I feel stupid and useless over this inability. I spent 5 years in my Bachelor’s Degree and 3 years in my Master’s Degree; shouldn’t I be able to do this stuff by now?


I should not be so hard on myself here; this is actually the first time I coded around the Pico-8 API. A lot of things are still new to me. Writing this, I wonder if I went too fast before starting to code my game, even if my game is relatively simple.

I think this would be the best time that I would request help in the forums. I did not want to do so because that might leave a bad impression on others, that is, one where I would promise without delivering a game, but, because I want to actually deliver my game, I willingly put away what is, in the end, just an assumption.


Uploaded my re-hoarded notes

I just uploaded my notes on the development of Re-Hoard. Hopefully, the help I would get would have the necessary information.

What’s weird is that, though I expected to go to writing the code after I wrote my notes, I found out that I also needed to organize my notes into actual algorithms instead of thinking that the notes are already algorithms in themselves. I realise that I would need actual flowcharts out of this, too.

A weirder thing is that, even though all I did was clean up and clarify my notes, I was no longer willing to work until tomorrow. I thought that this was a trait that only came up during my final project in college.

Then again, these days, I have been adjusting to a life where I essentially have control of all my time. I already developed a surprisingly high amount of self-discipline back at my final year in college, but this transition from following instructions to doing your own work just began. I mean, even when I had a lot of free reign on the things I could do in my final project, I still had to answer to the school staff. Here, I have to do everything and respond to myself. This level of responsibility, while lower-pressure in a way, is something to what I have to get used gradually. I am only getting the hang of these things around this week.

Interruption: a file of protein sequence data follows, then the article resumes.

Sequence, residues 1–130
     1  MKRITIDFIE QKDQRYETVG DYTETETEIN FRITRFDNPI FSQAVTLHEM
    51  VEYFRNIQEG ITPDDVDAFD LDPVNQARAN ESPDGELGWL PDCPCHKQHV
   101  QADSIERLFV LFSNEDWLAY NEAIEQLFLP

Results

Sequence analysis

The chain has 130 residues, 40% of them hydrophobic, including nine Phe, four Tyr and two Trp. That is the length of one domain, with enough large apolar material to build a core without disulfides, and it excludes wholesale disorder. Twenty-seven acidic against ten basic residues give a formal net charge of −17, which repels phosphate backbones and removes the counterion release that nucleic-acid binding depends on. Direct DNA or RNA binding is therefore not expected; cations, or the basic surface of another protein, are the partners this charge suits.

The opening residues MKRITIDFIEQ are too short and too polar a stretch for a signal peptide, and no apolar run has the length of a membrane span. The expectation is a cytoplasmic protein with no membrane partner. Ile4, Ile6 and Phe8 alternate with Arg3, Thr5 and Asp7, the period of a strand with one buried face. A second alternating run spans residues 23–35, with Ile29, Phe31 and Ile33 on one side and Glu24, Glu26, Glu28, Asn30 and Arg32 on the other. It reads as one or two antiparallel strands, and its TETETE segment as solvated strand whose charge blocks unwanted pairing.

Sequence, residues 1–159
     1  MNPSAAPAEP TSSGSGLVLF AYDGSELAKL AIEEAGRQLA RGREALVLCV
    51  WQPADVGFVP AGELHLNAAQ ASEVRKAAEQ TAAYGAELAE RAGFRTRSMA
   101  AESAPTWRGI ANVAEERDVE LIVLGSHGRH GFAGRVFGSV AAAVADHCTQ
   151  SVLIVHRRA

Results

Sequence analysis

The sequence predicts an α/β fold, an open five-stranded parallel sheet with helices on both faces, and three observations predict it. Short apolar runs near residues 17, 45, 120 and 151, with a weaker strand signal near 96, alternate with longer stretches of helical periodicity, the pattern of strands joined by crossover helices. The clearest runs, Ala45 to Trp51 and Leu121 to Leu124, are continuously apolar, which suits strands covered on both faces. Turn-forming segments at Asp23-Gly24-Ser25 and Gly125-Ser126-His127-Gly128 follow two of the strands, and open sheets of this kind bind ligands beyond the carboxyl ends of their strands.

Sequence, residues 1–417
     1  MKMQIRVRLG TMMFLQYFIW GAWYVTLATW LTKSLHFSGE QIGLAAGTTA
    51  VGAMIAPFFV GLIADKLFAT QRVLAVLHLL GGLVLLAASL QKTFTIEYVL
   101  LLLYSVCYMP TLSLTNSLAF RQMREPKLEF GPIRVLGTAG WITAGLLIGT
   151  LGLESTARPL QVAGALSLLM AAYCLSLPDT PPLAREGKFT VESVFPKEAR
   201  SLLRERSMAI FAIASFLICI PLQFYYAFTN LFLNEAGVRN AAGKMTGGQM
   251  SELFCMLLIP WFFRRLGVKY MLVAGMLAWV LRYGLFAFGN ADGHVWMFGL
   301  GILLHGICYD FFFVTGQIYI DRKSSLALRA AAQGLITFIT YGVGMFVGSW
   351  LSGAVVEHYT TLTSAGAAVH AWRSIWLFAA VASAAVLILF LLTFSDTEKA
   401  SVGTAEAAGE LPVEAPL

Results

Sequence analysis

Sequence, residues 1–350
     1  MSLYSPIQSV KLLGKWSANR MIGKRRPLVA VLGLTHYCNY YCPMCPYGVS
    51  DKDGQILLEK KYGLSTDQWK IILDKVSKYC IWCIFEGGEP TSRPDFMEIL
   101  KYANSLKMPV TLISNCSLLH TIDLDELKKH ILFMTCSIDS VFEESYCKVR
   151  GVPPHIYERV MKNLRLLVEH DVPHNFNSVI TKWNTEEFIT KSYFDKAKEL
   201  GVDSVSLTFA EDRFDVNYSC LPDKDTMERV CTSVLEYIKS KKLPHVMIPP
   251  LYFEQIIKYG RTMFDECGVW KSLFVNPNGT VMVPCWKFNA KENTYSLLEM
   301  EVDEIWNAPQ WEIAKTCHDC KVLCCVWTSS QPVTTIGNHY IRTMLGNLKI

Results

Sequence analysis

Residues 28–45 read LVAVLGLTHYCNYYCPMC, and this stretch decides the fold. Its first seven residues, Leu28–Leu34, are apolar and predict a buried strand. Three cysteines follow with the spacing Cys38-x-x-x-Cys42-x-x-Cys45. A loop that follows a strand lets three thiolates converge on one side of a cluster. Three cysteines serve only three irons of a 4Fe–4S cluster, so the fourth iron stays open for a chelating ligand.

I hope that I would develop more regularly, now.


I struggle with re-hoarding…

I went back to development, but…

…my struggles with developing Re-Hoard returned. I had hit a roadblock in designing the opponents. More specifically:

  • I do not know what their character designs would be. I am currently toying with them either be color-coded humans or color-coded weapons.
  • While I have fully-written concepts on how they should move, translating them into an actual algorithm is no easy task.
  • I still need to find a way where to place them in the current stage. (I establish a half-way point between the entrance and the treasure. All opponents would be placed in a random spot within the range of the treasure and this half-way point.)
  • Because Lua is not an object-oriented language, I got troubles managing the fake objects… especially with the way they would interact with the physics code.
  • I would also have to find a way how they would disappear if the dragon attacks them.

After this, there is the random picker of what class would be the opponent, the animations of the dragon retreating if an opponent touches or attacks the dragon, drawing more sprites (especially the treasure, of which I do not know what would be) the title screen, the algorithm that decides when to play each song, and so on…

…no wonder I am struggling. I have problems with words, especially in defining the problem.

Maybe I can get help, if I should…


Eating You Own Dog Food

Apparently, the software industry has an expression: “eating your own dog food”. That means that you actually use the software that you make.

This seems so obvious, yet I can understand why “eating your own dog food” is its own thing. When I work on software, I think in terms that are either very abstract (the requirements, the functionality) or low-level (the code). Even testing the software involves a state of mind that is far different from simply using the code. The software itself becomes an abstraction instead of an actual product. I can also understand the software development process being so harsh that you do not want to deal with the software anymore.

I hope the games I do make do not make me feel this way.

I earlier said that a gruelling development did not permanently diminish my game development desire. What I do not know is if I would actually enjoy the games I make. That would be a big requirement: if I did not enjoy the games I made, what would make sure that others would? In fact, I fear this time in my life that I would never enjoy a game I made. After all, I never finished a game! Even my final project was a mere engine demo that had a big development history!